Forum Focuses on Direct Care Wages

Written by on March 19, 2018

Submitted photo: (L to R) Assemblyman Steve Hawley (R-Batavia) Maddilyn Genovese representing Senator Robert Ortt and Jay Grasso of Senator Mike Ranzenhofer’s office

News Release: Arc of Genesee Orleans

The fight for a living wage for Direct Support Professionals in New York State took center stage Friday night at the Arc of Genesee Orleans Community Center. Amid signs and buttons proclaiming #bFair2DirectCare, Arc staff and individuals sat down with Assemblyman Steve Hawley, Jay Grasso of Senator Mike Ranzenhofer’s office and Maddilyn Genovese representing Senator Robert Ortt.

Agencies like Arc of Genesee Orleans were promised funding last year to be able to give direct care staff a 3.25% wage increase, effective in January. “If the State of New York has promised someone something, then they need to deliver,” Assemblyman Hawley said, “You should have had it. You should have been able to spend it. You should have received what you were promised. The state of New York too often doesn’t deliver on its promises,” he said.

For nearly eight years, non-profit agencies which serve New Yorkers with developmental disabilities went without a funding increase, leaving Direct Support Professionals (DSPs) at low wages despite their critical work. To address this issue, #bFair2DirectCare formed and waged a statewide educational campaign to win funding for a living wage, phased in over six years.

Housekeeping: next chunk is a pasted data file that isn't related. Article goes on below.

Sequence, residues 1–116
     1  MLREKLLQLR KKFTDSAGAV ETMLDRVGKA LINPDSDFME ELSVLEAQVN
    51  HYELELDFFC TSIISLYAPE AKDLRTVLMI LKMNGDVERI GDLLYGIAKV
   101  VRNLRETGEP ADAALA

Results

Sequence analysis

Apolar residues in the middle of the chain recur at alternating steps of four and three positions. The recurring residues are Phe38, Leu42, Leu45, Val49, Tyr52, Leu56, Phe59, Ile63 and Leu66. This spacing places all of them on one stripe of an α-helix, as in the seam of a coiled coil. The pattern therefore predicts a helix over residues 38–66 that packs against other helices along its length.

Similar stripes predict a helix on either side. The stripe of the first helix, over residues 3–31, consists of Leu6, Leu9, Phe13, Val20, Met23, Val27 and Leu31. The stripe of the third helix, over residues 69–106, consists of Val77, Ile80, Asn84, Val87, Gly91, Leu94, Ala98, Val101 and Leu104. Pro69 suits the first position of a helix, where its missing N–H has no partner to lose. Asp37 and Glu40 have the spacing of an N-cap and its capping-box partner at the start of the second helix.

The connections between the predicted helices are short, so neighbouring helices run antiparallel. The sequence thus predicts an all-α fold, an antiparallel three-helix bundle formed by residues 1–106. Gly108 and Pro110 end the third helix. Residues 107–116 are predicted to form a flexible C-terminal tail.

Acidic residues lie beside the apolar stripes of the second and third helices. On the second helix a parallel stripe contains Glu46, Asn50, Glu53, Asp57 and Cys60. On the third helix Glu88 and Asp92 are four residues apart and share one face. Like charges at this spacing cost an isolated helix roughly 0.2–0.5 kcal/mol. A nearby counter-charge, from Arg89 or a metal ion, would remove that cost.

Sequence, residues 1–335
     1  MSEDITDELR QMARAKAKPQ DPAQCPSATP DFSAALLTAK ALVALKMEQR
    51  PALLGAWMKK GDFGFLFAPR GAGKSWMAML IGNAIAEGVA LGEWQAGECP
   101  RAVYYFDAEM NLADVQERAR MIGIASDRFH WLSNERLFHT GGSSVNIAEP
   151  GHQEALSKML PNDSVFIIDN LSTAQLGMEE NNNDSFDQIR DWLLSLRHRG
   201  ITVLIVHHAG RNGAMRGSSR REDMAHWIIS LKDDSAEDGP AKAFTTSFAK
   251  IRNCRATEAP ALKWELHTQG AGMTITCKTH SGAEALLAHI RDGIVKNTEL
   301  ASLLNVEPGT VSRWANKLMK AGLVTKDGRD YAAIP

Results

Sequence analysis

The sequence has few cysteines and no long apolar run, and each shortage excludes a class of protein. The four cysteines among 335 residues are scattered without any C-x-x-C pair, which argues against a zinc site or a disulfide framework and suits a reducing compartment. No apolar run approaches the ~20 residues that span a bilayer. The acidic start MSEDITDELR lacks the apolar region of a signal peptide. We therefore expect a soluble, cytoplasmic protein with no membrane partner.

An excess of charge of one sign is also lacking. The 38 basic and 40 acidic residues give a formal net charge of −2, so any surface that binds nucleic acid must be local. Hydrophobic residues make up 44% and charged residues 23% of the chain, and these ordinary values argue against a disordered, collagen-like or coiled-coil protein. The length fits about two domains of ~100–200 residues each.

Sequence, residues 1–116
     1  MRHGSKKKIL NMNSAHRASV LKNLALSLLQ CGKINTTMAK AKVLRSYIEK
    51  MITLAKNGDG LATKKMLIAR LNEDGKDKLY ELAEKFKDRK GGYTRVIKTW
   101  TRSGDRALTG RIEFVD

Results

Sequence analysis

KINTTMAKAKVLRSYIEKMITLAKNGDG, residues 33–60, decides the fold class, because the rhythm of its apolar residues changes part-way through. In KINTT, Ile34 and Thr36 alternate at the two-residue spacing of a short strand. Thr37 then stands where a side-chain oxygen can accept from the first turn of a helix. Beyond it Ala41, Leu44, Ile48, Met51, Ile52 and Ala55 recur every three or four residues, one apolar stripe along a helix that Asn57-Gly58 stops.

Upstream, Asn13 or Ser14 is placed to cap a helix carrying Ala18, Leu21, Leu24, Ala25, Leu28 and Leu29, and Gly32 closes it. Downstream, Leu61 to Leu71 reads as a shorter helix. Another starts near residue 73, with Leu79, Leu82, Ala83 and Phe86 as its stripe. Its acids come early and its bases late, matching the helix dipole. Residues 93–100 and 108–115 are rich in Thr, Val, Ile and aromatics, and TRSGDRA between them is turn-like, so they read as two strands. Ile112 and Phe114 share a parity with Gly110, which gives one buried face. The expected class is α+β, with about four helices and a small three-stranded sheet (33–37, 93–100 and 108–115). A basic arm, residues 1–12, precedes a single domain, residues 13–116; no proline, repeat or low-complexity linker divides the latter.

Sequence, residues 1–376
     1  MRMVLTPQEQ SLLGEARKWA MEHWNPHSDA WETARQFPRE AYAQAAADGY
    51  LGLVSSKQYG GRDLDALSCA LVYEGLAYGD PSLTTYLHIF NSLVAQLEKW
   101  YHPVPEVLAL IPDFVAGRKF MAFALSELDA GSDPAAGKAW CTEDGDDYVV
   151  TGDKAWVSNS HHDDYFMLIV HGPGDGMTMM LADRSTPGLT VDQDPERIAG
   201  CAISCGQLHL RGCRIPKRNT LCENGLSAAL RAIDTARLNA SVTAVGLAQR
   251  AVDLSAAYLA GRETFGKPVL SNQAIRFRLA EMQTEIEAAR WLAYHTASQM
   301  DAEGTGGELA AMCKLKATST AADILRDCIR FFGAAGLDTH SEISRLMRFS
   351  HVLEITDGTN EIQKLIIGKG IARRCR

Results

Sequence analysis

Arc Associate Executive Director of Residential Services Deb Fox oversees sixteen community homes and several supportive apartments in two counties. She asked the legislative representatives for their insight. “While the fast food industry has the ability to raise prices and reduce their overhead to raise wages, our reimbursement rates are set. The regulatory expectations of social programs ties our hands. What is your suggestion on how we can compete for quality labor?”

Assemblyman Hawley replied, “I’m in business myself. It certainly is ludicrous that someone who is ‘working hard’ flipping burgers, pulling fries and onion rings can make $15.00 an hour when you and some of my employees don’t make that much.”


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